How Long Should a Septic Tank Leach Field Last?
The lifespan of a septic tank leach field can vary due to many factors. A well-built and well-maintained leach field should last 20-25 years. It may last for 50 years or longer. A leach field could outlast multiple owners of a house or property.
Events such as natural disasters and catastrophic weather can suddenly damage leach fields. Neglect or other man-caused issues can damage and shorten the life of a leach field and septic system.
What does a leach field do?
A leach field may go by other names such as drain field, seepage bed or leaching bed. Every septic system has a leach field. Every system needs a drainage area, such a field or bed, for waste and wastewater to drain into.
A well-designed and well-built system has a leach field with many aspects taken into account for longevity, safety and the environment. The specifics of the soil and ground, the groundwater level, the terrain and slope, the size of the property, the usage of the septic system and drainage ability of the terrain are all important.
For instance, take a leach field and septic system serving a large home with a family living in it everyday. Everyone in the home uses the bathrooms, kitchen and everything frequently which runs into and out of the system. By contrast, consider a home which is seasonal, or with one or two people living in it. The wear of the busier system will likely be more. Proper design and construction of everything which goes into a leach field, then good maintenance over the years, will be more important.
More factors to consider are:
- A leach field is made up of lines, trenches and boxes to distribute effluent material going out from the septic tank. The size of the field should fit the size, demand and usage of the property’s septic system.
- How much topsoil or gravel should cover the field and its parts? Sunlight should go through to the underground parts to help evaporation and healthy bacteria keep the field draining property and safely.
- How will the surrounding environment be important? For the draining area itself, is the land generally drier or wetter? Is the area often humid? Is the land on raised ground, or on sandy or rocky soil? Are there areas to note or protect, or which could affect drainage nearby? You might need to be aware of waterways, swampy areas, property lines and lands protected by law.
Mistakes and what to avoid with a leach field
Starting in the house, the same things which can damage or clog a pipe, a tank or anything in a system can harm a leach field fast or over long periods of time. In the span of years or decades, this can wind up shortening the life of a leach field.
Improper use of toilets and sinks can put material into a field which it’s not built for. Using harsh, improper or chemically destructive cleaners or products, especially if it’s repeated use, can damage parts with corrosion. A leach field runs shallow under the soil of your yard or property. Consider the effect of what you’re dumping into it. In general, avoid putting plastics, paper towels, diapers, large quantities of pet food or pet waste, sanitary wipes and cigarette butts into a septic system.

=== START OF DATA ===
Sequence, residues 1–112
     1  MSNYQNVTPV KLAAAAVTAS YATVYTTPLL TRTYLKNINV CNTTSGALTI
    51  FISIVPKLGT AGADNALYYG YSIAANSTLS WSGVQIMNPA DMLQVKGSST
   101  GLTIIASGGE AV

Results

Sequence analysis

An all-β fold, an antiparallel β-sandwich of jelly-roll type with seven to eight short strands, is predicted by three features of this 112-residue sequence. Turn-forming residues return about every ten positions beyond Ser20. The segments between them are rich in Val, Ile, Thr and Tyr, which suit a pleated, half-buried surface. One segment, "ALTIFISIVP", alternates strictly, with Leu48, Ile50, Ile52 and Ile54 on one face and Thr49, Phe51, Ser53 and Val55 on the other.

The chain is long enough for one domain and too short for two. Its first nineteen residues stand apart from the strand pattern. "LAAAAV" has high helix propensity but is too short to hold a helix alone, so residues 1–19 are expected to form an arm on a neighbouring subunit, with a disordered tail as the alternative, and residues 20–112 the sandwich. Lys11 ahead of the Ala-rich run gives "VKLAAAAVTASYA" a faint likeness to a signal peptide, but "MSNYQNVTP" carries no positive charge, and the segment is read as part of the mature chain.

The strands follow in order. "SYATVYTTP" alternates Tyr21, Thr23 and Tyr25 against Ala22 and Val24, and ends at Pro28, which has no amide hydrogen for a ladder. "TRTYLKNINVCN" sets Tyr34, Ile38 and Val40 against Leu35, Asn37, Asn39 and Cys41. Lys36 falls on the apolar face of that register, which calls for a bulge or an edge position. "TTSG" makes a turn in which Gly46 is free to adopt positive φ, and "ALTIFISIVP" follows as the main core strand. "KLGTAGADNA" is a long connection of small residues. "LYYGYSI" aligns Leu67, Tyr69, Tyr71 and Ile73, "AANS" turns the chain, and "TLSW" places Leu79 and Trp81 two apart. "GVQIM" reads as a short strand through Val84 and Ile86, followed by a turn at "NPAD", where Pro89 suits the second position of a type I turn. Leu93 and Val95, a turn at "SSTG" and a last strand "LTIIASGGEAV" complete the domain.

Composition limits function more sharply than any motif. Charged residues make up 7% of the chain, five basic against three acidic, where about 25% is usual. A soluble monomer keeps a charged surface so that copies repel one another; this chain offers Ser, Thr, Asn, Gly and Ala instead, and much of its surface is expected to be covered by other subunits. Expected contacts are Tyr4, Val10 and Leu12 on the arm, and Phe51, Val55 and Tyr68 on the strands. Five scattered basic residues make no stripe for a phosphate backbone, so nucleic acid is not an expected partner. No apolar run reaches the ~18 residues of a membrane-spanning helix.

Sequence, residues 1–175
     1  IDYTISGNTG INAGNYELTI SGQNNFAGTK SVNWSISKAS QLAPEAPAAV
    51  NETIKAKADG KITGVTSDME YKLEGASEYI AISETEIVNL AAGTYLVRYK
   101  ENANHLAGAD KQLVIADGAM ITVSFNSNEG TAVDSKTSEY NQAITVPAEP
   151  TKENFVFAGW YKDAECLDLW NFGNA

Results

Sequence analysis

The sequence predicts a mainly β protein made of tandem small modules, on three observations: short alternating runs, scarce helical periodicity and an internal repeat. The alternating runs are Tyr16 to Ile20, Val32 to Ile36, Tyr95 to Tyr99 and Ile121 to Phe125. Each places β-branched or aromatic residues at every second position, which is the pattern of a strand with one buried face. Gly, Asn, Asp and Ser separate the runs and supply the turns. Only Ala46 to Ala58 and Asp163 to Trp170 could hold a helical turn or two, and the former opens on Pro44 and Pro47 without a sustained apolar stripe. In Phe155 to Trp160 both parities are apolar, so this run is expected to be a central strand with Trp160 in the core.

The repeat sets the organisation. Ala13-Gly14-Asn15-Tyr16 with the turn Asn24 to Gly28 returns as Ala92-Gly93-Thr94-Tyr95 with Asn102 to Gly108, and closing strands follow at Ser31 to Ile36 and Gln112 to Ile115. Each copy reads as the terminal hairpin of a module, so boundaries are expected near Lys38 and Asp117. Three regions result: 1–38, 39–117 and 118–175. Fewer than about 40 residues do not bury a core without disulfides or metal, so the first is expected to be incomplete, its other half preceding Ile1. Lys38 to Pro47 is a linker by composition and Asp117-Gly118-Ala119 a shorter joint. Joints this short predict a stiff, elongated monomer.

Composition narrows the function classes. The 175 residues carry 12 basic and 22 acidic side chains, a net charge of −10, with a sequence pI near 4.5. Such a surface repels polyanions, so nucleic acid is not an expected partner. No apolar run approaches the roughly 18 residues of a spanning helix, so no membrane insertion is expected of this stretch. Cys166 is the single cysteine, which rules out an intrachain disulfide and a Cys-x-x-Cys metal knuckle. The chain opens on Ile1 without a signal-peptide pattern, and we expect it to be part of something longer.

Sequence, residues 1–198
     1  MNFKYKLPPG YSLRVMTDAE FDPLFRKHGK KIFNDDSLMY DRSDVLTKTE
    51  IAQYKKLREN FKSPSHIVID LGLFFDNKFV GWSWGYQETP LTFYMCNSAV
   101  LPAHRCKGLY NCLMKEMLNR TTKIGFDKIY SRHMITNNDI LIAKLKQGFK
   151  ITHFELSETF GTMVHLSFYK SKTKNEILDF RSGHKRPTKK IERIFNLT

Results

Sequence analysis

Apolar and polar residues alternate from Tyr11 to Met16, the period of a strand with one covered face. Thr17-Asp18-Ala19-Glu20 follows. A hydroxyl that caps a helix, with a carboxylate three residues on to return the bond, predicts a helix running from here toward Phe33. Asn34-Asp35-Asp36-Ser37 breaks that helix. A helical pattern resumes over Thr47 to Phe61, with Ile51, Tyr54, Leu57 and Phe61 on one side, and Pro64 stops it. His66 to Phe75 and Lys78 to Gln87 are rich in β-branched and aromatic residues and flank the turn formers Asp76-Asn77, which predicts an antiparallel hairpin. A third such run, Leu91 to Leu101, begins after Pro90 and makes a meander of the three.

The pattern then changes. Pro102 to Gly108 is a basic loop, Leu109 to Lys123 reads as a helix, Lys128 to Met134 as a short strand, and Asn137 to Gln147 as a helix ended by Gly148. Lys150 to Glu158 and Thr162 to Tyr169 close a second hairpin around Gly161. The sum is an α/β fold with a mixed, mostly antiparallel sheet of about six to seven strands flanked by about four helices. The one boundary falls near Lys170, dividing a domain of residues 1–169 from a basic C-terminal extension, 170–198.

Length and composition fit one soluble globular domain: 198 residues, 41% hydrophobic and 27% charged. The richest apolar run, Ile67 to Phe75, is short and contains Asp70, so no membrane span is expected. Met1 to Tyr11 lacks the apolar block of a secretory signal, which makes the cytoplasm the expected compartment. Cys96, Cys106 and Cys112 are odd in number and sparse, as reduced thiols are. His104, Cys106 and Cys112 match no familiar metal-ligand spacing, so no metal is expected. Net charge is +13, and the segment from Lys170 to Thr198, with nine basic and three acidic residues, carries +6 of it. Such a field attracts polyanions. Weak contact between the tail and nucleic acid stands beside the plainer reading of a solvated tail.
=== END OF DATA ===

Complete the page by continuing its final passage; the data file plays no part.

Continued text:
You should not park vehicles, drive vehicles over or put heavy objects or items on part of a leach field. The parts and waste material are usually not deep underground. If gravel, sandy soil or topsoil is used, any shifting or wear can cause damage or limit the efficiency from the original construction.
Take care when planting trees or doing any other excavation, digging or planting near the leach field. Tree roots can do damage over time. Again, these activities may accidently shift the original soil, slope and drainage ability of the field.
How do you know it’s time to repair or replace a leach field?
A professional should check a septic leach field the same way, and with the same schedule, as a tank or other parts of a septic or plumbing system. It should be inspected anytime a tank needs pumped.
It’s inevitable a leach field will need major renovation or fail in the course of 20, 30, 40 or more years. Natural causes of damage, be it a sudden disaster or over a long span of wear and tear, are normal.
Odors can be a sign of a clogged or backed up leach field, which can happen just as it happens to a tank or pipe. As waste goes through the system, some solids will build up in a field, even one maintained well. The amount of use can change as the property, or the residents, change from when the field was first built. Water levels and soil conditions can change over time.
If you see or smell wet spots in a yard it could be a leach field failing or deteriorating. More signs could be slow drainage, a tank backing up or clogging more often, a tank needing pumping more often than usual maintenance, more problems or smells when it rains, a sinking spot in a yard or greener grass in a spot or area of a yard.
A leach field’s span, just as the life of your septic system or any major part of a home, depends on how it’s used and how it’s cared for. It’s smart to stay up to date on its conditions with professionals as much as possible. Sure, there are some events no property owner can predict or control, but being aware, with good maintenance, can prevent many issues.
South End Plumbing specializes in clogs, so remember, we are just a click away. We also specialize in leak detection – give us a call! South End Plumbing is one of the only companies that will give you a free estimate. Call us at 704-919-1722 or fill out the form online to schedule a visit.